To gain admission to legal studies programs, candidates must hold a high school or GED diploma, along with a competitive GPA and satisfactory test scores. Other application requirements may include a personal essay and recommendation letters.
To graduate, learners must complete all the degree requirements while maintaining a minimum GPA. Some legal studies programs require a senior capstone, internship, or honors thesis. Prospective students should consult an advisor for a given program’s specific requirements.
FAQ About Legal Study Programs
Is legal studies the same as pre-law?
Yes and no. Schools typically offer legal studies as a major, while pre-law indicates an intention to pursue law school upon graduation. Not all pre-law students will major in legal studies, but legal studies students might choose pre-law.
What bachelor's degree do you need to become a lawyer?
Law schools do not necessarily require a bachelor’s degree in particular disciplines. Pre-law students generally benefit from a liberal arts education emphasizing skills such as logic and reasoning, effective communication, and research methods.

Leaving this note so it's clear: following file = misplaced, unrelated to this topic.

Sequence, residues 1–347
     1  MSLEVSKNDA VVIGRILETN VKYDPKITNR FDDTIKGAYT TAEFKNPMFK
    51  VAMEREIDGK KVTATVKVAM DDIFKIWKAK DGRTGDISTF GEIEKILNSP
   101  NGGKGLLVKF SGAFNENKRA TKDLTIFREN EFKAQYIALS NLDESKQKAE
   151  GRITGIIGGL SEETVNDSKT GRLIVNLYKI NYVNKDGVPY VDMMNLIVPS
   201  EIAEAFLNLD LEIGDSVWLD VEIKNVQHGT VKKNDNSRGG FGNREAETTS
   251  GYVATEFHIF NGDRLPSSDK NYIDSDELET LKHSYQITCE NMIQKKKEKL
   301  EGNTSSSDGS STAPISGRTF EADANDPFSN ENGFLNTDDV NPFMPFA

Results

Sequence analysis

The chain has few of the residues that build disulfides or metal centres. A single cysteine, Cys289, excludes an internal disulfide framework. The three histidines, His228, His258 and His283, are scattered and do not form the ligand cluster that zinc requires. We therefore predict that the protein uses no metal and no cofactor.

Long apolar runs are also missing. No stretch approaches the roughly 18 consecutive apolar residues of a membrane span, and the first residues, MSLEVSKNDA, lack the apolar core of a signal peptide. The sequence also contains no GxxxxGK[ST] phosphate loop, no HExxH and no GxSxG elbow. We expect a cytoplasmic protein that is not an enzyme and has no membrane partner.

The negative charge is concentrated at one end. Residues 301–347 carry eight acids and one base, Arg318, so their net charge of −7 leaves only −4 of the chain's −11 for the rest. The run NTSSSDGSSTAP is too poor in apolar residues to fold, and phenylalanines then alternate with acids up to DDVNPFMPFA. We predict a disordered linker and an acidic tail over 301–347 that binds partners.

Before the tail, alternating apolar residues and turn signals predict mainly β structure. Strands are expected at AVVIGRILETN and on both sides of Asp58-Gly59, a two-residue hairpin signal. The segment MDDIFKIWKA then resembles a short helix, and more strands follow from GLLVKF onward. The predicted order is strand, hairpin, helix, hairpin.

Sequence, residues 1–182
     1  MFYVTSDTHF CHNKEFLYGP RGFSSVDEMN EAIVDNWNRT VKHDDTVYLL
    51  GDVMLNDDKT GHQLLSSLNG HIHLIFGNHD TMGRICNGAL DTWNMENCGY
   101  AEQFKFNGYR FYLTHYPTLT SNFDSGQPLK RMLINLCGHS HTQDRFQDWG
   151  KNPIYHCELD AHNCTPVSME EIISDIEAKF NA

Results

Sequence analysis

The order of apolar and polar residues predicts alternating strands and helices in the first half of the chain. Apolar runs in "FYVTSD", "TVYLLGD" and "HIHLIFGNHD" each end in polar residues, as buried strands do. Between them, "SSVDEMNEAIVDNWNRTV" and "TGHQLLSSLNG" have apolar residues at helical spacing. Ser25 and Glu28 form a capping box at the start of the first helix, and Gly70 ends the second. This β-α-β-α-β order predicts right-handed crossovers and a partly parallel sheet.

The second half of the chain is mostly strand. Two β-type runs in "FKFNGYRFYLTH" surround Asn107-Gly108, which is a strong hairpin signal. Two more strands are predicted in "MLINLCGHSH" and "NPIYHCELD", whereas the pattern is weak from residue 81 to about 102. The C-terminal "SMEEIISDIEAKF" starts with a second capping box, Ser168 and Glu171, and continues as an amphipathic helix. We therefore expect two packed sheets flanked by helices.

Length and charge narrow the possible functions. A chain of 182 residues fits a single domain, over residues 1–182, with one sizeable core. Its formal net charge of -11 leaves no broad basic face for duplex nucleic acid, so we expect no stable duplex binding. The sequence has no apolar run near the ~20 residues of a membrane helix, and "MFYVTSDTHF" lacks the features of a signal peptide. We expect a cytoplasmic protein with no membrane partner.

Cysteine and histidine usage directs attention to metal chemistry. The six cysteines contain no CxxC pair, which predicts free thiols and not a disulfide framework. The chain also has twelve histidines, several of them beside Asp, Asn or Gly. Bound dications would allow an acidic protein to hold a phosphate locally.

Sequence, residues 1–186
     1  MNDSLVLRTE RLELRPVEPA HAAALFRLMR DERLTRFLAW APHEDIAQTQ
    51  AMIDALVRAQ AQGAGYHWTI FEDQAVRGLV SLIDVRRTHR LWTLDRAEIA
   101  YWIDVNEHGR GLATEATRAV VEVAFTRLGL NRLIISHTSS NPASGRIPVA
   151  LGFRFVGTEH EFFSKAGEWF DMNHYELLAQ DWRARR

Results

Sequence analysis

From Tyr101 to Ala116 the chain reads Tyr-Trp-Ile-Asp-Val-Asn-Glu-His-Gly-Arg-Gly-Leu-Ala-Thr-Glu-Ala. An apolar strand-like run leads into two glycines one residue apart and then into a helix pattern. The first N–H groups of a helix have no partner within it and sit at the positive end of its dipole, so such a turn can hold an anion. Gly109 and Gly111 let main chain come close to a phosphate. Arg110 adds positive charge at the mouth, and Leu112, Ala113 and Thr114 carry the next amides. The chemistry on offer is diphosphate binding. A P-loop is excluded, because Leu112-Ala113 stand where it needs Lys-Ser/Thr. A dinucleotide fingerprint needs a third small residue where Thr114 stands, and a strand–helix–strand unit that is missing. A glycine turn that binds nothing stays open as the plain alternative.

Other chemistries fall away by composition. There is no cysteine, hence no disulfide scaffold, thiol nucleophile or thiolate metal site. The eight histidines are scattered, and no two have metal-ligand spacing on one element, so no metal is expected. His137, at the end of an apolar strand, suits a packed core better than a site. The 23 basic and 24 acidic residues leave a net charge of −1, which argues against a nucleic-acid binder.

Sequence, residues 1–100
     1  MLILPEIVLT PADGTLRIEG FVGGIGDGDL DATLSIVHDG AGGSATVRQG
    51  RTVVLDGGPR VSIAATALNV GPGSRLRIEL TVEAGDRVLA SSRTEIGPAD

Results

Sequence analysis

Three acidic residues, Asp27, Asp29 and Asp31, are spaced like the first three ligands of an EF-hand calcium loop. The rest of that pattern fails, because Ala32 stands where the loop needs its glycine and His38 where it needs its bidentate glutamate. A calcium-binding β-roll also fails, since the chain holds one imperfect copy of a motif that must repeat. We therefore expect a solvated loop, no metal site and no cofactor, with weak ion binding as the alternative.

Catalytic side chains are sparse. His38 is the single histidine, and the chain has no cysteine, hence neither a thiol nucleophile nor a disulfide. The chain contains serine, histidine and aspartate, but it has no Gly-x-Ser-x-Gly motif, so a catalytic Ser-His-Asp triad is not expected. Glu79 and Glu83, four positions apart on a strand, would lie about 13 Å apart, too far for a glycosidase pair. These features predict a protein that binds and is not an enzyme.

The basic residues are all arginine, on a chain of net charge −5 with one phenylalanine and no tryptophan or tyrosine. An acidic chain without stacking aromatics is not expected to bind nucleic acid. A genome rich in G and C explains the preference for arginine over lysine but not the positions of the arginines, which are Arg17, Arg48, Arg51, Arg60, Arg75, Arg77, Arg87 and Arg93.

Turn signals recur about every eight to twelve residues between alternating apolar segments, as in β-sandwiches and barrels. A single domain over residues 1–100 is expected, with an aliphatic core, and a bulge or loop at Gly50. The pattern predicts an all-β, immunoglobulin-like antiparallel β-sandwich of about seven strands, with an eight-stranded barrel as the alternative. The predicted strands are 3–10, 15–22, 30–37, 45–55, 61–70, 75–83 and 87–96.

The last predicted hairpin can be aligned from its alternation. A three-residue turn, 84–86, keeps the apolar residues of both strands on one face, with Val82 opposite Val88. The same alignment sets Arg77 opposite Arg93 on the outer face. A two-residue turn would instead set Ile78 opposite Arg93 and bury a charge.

What can you do with a bachelor's in legal studies?
Legal studies bachelor’s degree-holders can pursue law school or gain employment in multiple legal support services.
What are the best states for lawyers?
States with the highest employment of lawyers include California, New York, Florida, Texas, and Illinois.
Courses in a Legal Studies Program
Legal studies programs provide an understanding of the law and the U.S. legal system. Students learn the skills necessary to support the functioning of this system. Through required courses, enrollees develop legal procedure knowledge and the research skills necessary to discover specific information related to cases, statutes, or a legal topic.
Some programs allow learners to tailor their electives to a specific concentration area. For instance, students interested in criminal justice may take courses related to criminal law, crime and society, and criminology.
The list below provides an overview of courses found in many legal studies programs. Not all programs offer these courses, but we have provided a representative sample.